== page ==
B. Requirements of the CAA and EPA's Regional Haze Rule (RHR)

In section 169A of the 1977 Amendments to the CAA, Congress created a program for protecting visibility in the nation's national parks and wilderness areas. This section of the CAA establishes as a national goal the “prevention of any future, and the remedying of any existing, impairment of visibility in mandatory Class I Federal areas [2] which impairment results from manmade air pollution.” Congress added section 169B to the CAA in 1990 to address regional haze issues. EPA promulgated a rule to address regional haze on July 1, 1999 (64 FR 35713), the regional haze rule (RHR). The RHR revised the existing visibility regulations to integrate into the regulation provisions addressing regional haze impairment and established a comprehensive visibility protection program for Class I areas. The requirements for regional haze, found at 40 CFR 51.308 and 51.309, are included in EPA's visibility protection regulations at 40 CFR 51.300-309. The requirement to submit a regional haze SIP applies to all 50 states, the District of Columbia and the Virgin Islands.[3] 40 CFR 51.308(b) and 40 CFR 51.309(c) required states to submit the first implementation plan addressing regional haze visibility impairment no later than December 17, 2007.

C. Roles of Agencies in Addressing Regional Haze

Successful implementation of the regional haze program will require long-term regional coordination among states, tribal governments and various federal agencies. As noted above, pollution affecting the air quality in Class I areas can be transported over long distances, even hundreds of kilometers. Therefore, to effectively address the problem of visibility impairment in Class I areas, states need to develop strategies in coordination with one another, taking into account the effect of emissions from one jurisdiction on the air quality in another.

Because the pollutants that lead to regional haze can originate from sources located across broad geographic areas, EPA has encouraged the states and tribes across the United States to address visibility impairment from a regional perspective. Five regional planning organizations (RPOs) were developed to address regional haze and related issues. The RPOs first evaluated technical information to better understand how their states and tribes impact Class I areas across the country, and then pursued the development of regional strategies to reduce emissions of particulate matter (PM) and other pollutants leading to regional haze.

The Western Regional Air Partnership (WRAP) RPO is a collaborative effort of state governments, tribal governments, and various federal agencies established to initiate and coordinate activities associated with the management of regional haze, visibility and other air quality issues in the western United States. WRAP member State governments include: Alaska, Arizona, California, Colorado, Idaho, Montana, New Mexico, North Dakota, Oregon, South Dakota, Utah, Washington, and Wyoming. Tribal members include Campo Band of Kumeyaay Indians, Confederated Salish and Kootenai Tribes, Cortina Indian Rancheria, Hopi Tribe, Hualapai Nation of the Grand Canyon, Native Village of Shungnak, Nez Perce Tribe, Northern Cheyenne Tribe, Pueblo of Acoma, Pueblo of San Felipe, and Shoshone-Bannock Tribes of Fort Hall.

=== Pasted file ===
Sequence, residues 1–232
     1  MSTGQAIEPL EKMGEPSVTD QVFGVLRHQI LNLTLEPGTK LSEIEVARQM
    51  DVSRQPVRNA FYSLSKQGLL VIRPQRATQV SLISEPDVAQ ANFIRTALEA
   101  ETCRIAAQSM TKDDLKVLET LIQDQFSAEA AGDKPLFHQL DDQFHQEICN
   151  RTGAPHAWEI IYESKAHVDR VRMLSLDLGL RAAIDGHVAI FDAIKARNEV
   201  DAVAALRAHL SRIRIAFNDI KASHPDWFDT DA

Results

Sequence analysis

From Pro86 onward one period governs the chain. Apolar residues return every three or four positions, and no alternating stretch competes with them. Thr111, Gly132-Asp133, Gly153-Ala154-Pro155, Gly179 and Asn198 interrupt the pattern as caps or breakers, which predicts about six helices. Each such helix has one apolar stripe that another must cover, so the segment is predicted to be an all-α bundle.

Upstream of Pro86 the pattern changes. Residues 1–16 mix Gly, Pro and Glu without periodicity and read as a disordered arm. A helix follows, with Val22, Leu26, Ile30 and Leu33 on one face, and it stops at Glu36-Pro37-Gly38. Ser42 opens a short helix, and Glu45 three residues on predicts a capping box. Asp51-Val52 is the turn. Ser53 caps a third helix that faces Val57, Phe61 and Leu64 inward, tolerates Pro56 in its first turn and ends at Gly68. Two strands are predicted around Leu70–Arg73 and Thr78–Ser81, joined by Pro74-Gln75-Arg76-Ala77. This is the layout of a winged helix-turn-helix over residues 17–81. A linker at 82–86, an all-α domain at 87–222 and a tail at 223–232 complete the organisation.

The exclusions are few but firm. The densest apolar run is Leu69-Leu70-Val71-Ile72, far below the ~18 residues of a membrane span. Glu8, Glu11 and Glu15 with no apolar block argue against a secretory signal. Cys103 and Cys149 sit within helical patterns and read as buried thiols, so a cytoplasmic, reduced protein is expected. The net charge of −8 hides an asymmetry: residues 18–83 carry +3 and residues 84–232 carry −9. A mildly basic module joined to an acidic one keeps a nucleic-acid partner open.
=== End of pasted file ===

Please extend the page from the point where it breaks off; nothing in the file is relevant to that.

D. Development of the Requirements for 40 CFR 51.309

EPA's RHR provides two paths to address regional haze. One is 40 CFR 51.308 (Section 308), and requires states to perform source by source BART determinations and evaluate the need for other control strategy development. These strategies must be shown to make “reasonable progress” in improving visibility in Class I areas inside the state and in neighboring jurisdictions. The other path states may take to address regional haze is 40 CFR 51.309 (Section 309), and is an option for nine states termed the “transport region states” which includes: Arizona, California, Colorado, Idaho, Nevada, New Mexico, Oregon, Utah, and Wyoming, and the 211 Tribes located within those states. Section 309 requires states to adopt regional haze strategies that are based on recommendations from the Grand Canyon Visibility Transport Commission (GCVTC) for protecting the 16 Class I areas in the Colorado Plateau area [4] . GCVTC recommendations included strategies for addressing smoke emissions from wildland fires and agricultural burning, provisions to prevent pollution by encouraging renewable energy development, provisions regarding clean air corridors, mobile sources, and wind-blown dust, among other things. The EPA codified these recommendations as part of the 1999 RHR.

III. What are the requirements for RH SIPs submitted under 40 CFR 51.309?